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How to Build a Good Bird Cage

Updated on December 28, 2021
Nyamweya profile image

Nyamweya is a Kenyan scholar who has done many years of research on a diversity of topics.

How I Managed to Build a Bird Cage

Birds are very amazing creatures. Personally, I love birds. Magazines, TV programs, and articles about birds always capture my attention. Due to this, I decided that I needed a bird pet so that I can feed him and play with him. I talked to my friends and family about the bird I had chosen as my pet. Choosing was not very hard since I know a lot about birds including types and most of their adaptations (Breittruck, 2012). So I shared about my preferred choice which was a pair of canaries. My parents were happy for me but they asked me where I would place the birds since I had no cage? I was excited by the idea of having a pet that I even forgot to remember some major considerations like a bird cage. I started doing some research on various types of types of cages so as to come up with the best option for my canaries. I could buy an already made cage but that was quite expensive. The option I went for was to build my own. This would be cheaper. However, I had never built anything before and I realized I needed a lot of support from my friends and family. My parents would assist me to purchase the raw materials needed to build the cage. Some of my friends had bird cages and they would greatly help me during the construction of the bird cage. I found some abandoned materials at the garage and I thought I could use some of them which would actually save some of the costs.

Collaboration with Others so as to get Ideas

To be honest I had no idea on cage construction. This meant I had to find collaborators who would shower me with ideas on the construction of a cage. I consulted some of my friends who have passion about birds. John is my best friend and he knew a lot about bird cages. He introduced me to a friend of his dad who not only had ideas about the construction but also knew how to carry out the construction. According to the guy the foremost thing to consider is the style to be used on the cage. He informed us that every bird has a required style for its cage. He took us through four most commonly used styles. These styles were the classic cages, play top cages, dome top cages, and the flight cages. After considering the four styles I finally arrived at the conclusion that a classic cage was the most convenient for me and my canaries. The reasons being that, it is cheaper compared to any other style and it is proportionate to size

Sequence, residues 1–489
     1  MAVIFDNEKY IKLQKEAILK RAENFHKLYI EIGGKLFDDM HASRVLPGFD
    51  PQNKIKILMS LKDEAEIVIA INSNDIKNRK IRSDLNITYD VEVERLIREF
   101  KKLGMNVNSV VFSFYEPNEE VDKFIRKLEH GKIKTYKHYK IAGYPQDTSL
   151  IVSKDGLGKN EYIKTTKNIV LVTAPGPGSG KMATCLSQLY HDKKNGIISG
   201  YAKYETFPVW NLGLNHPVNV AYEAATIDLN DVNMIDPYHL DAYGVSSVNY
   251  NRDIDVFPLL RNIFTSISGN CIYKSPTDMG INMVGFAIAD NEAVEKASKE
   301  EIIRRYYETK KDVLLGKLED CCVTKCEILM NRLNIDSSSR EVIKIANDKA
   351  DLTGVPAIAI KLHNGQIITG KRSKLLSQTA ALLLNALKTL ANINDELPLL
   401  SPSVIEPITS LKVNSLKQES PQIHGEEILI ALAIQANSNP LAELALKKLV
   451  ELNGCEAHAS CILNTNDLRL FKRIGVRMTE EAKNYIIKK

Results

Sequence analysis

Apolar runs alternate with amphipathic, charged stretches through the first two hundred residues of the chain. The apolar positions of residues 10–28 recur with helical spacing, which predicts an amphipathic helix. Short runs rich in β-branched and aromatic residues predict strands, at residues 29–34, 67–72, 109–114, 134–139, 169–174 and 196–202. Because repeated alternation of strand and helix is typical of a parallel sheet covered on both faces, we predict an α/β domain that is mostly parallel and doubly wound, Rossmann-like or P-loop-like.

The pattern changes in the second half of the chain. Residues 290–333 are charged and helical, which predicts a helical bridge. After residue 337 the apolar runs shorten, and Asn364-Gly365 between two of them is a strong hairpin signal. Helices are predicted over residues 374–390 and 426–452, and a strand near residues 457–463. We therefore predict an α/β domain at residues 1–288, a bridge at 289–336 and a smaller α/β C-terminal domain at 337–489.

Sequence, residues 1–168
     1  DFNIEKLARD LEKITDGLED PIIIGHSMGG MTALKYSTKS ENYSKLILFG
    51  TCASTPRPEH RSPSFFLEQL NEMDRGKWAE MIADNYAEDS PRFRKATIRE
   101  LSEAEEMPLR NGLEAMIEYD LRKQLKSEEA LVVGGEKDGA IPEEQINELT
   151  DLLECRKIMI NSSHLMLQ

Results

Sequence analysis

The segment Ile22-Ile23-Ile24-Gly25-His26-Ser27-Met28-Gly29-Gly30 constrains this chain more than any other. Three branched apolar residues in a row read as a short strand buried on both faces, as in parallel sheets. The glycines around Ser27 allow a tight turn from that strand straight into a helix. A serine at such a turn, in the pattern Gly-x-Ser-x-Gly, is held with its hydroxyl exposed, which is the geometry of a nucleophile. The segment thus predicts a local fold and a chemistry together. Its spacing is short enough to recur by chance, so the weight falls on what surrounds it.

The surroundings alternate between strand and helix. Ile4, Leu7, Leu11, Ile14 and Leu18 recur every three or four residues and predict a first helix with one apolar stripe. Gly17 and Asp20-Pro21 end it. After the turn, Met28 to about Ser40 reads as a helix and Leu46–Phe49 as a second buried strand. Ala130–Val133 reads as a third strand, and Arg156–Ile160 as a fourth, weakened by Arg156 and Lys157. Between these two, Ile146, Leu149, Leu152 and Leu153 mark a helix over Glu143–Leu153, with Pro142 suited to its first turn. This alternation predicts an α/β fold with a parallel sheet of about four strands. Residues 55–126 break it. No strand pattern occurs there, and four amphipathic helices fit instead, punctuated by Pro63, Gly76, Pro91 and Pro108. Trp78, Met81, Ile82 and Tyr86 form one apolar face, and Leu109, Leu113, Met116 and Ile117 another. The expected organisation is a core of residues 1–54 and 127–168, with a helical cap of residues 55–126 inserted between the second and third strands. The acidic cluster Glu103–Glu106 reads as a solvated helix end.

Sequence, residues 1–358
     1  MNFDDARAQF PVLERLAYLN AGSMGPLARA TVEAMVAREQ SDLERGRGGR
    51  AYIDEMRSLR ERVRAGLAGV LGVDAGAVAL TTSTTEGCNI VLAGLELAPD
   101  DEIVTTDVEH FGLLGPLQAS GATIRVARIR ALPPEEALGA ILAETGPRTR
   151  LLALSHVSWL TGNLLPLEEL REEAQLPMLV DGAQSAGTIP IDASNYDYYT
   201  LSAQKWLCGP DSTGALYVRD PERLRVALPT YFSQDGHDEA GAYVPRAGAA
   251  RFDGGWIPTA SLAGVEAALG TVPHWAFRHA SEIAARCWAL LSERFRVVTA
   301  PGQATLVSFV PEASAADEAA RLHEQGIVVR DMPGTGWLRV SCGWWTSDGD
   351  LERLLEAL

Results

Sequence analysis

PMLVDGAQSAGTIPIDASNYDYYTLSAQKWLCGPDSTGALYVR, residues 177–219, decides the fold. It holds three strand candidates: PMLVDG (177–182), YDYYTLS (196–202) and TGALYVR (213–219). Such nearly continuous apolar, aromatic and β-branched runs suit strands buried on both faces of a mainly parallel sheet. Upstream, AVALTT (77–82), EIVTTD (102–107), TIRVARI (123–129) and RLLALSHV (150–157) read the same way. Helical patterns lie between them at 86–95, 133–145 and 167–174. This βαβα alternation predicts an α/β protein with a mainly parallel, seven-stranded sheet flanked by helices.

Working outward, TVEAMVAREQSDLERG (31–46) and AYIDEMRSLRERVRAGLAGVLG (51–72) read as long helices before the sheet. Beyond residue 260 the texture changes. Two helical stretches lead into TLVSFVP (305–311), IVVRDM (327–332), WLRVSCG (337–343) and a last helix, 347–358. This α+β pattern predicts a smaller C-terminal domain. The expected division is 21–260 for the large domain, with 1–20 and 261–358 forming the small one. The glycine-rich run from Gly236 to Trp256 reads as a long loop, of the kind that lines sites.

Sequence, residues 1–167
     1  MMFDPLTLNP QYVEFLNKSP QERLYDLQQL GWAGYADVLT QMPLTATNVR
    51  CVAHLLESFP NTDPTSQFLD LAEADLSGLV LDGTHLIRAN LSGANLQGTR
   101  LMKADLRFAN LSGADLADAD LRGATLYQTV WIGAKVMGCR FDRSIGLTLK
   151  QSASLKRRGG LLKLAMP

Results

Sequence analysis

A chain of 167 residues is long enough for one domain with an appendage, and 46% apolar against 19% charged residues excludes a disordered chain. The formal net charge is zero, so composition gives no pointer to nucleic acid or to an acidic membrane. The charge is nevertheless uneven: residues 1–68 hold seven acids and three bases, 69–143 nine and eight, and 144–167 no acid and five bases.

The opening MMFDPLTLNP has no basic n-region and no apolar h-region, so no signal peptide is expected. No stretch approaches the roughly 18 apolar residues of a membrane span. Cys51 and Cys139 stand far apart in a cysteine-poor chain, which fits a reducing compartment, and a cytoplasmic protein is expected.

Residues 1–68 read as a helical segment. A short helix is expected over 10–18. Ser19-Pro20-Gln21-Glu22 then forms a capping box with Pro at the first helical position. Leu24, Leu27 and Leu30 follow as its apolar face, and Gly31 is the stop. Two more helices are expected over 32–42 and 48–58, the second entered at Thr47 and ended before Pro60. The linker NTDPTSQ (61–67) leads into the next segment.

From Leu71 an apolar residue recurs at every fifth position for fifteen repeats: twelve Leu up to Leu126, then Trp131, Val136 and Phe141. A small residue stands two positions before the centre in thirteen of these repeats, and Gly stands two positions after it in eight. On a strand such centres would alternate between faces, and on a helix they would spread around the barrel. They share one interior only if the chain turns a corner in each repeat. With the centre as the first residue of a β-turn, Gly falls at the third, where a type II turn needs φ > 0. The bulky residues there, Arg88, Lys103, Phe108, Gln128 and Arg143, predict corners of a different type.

My dad is friends with Mr. Gayle who is a professor in ornithology and he promised to enquire some information about canaries from him. The professor had some really important knowledge which assisted in designing the cage. He said that the canaries were not climbers like parrots, they are more of flop hoppers (Ożarowska, Ilieva, Zehtindjiev, Åkesson, & Muś, 2013). This meant that a wide rather than a tall cage was the best. However, from further inquiries, a wide and tall cage would do no harm. This collaboration with my family and friends led to me collaborating with other professionals who gave great ideas and they played a huge role in the success of the construction.

Learning how to Build a Bird Cage

This was a very challenging part of my project but all in all, I managed. It involved collecting information on the right materials to use for the construction, the required cage measurements, the right tools to use for the construction, the right features to input in the cage, and I also had to acquire some skills needed to operate some of the tools I was to use.